Telluride take • After a less-than-stellar 2008 in terms of stars coming to Telluride, the arrival of Cage on Sunday had the small mountain town buzzing. Big numbers were turned away from his hour interview in the downtown County Courthouse on Sunday afternoon and both Sunday showings of the wacky but fascinating Bad Lieutenant - including a morning Q&A - were sellouts. Cage didn't disappoint, going into detail about: Herzog's passion for iguanas (which play a pivotal part in the movie to the tune of Johnny Adams' "Release Me"); his career awakening - seeing James Dean in East of Eden ("No other art form affected me the way that James Dean did ..."); and the people he would still like to work with that include Robert Downey Jr. and Jack Nicholson. "All my favorite directors are dead," he said. "I really wanted to work with (Stanley) Kubrick. ... I was willing it to happen." • Cage has made quite a career for himself in playing erratic characters (Matchstick Men, Vampire's Kiss) living on the edge. While his notorious movie meltdown scenes are legendary, he may even "over-the-top" himself in Bad Lieutenant. His eyes nearly pop out of his skull as a hunchbacked McDonagh, who takes pain medication for an injury yet still smokes crack, demands service at the pharmacy ("Whatever I take is prescription - except for the heroin.") and goes to extreme measures to squeeze out information from a caretaker of an elderly woman who may be "suffering from a little dementia." But during a Monday seminar in the park, Cage took exception to panel moderator Anne Thompson's question to him about playing characters who are "over the top," a reference Cage obviously abhors. "Look around. You can go to New York City, you can go to New Orleans ... you can look at somebody in a market, and they're doing something that is so impossibly - as you call it - 'over the top' that it would never survive any movie and never make it into any movie," Cage said. "I see things in life that are completely 'over the top.' So it just doesn't work for me." • Kilmer sees little screen time as just another detective on the force, and Mendes (with Cage, left) is basically nothing more than satisfying eye candy, but the quirky performances by Coolidge, Dourif and Xzibit are quite enjoyable. Coolidge, known more in recent years for racy roles as Stifler's mom in the American Pie series, gets serious and is particularly impressive as a beer-swilling companion of McDonagh's father who says to the messed-up cop, "We're birds of a feather. We both like our poison."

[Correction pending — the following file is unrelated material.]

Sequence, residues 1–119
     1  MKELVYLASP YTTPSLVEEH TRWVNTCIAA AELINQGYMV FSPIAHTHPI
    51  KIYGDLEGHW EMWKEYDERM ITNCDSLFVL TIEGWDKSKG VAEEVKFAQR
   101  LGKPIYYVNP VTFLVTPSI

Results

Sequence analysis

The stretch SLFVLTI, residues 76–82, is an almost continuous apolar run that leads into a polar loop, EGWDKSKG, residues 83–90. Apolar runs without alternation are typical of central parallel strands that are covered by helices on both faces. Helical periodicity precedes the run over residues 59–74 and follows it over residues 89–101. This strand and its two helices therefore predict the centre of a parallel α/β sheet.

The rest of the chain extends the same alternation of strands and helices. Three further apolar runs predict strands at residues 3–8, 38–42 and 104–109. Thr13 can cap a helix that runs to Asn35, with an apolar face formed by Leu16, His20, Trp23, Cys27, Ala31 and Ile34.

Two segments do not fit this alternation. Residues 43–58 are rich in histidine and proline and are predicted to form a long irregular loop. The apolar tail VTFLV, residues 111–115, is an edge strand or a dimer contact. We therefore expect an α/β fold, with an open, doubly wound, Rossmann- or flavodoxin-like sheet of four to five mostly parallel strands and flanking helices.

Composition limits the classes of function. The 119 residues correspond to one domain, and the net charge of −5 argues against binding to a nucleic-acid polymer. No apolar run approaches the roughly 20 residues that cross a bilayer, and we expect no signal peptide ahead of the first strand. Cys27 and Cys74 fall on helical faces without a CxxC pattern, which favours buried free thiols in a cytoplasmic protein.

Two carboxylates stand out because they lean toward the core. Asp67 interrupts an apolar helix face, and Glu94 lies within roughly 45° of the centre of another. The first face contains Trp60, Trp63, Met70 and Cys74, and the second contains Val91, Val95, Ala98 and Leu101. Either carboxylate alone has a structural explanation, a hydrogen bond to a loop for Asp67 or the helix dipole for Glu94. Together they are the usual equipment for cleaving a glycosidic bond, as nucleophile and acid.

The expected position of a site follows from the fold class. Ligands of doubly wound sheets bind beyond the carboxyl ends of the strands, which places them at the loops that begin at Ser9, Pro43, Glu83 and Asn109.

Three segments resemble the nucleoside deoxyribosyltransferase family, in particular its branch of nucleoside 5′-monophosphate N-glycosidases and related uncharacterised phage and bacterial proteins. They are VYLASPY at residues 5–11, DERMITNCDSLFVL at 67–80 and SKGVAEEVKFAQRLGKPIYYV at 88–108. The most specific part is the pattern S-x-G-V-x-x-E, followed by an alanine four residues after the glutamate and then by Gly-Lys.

Other memorable movie line
"A man without a gun is not a man." -- McDonagh.
What you might not know • Actress Brenda Blethyn, right, in town with London River and on a Sunday panel with character actor Michael Lerner, also has a Cage connection. She gave what Lerner called a "ballsy performance" in Cage's directorial debut, Sonny, a 2002 crime drama also set in New Orleans that co-starred Harry Dean Stanton and James Franco in the title role. "He totally understood all the pitfalls and all the difficulties an actor experiences, but he was also very keen to have us kind of work around, improvise around," Blethyn said of Cage. • According to Cage, Herzog's fixation with iguanas became an issue when the director asked the star to shoot a scene that completely focused on the large lizards. "I must have my iguanas!" Cage related while broadly impersonating the German director. After initially disregarding Herzog's request, Cage came back the next day and said, "It would really be a shame if you never made another movie (because of this). I want you to get all the iguana time you need."
Check out Telluride Film Festival photos, including Cage and Carey Mulligan, the breakout star of An Education.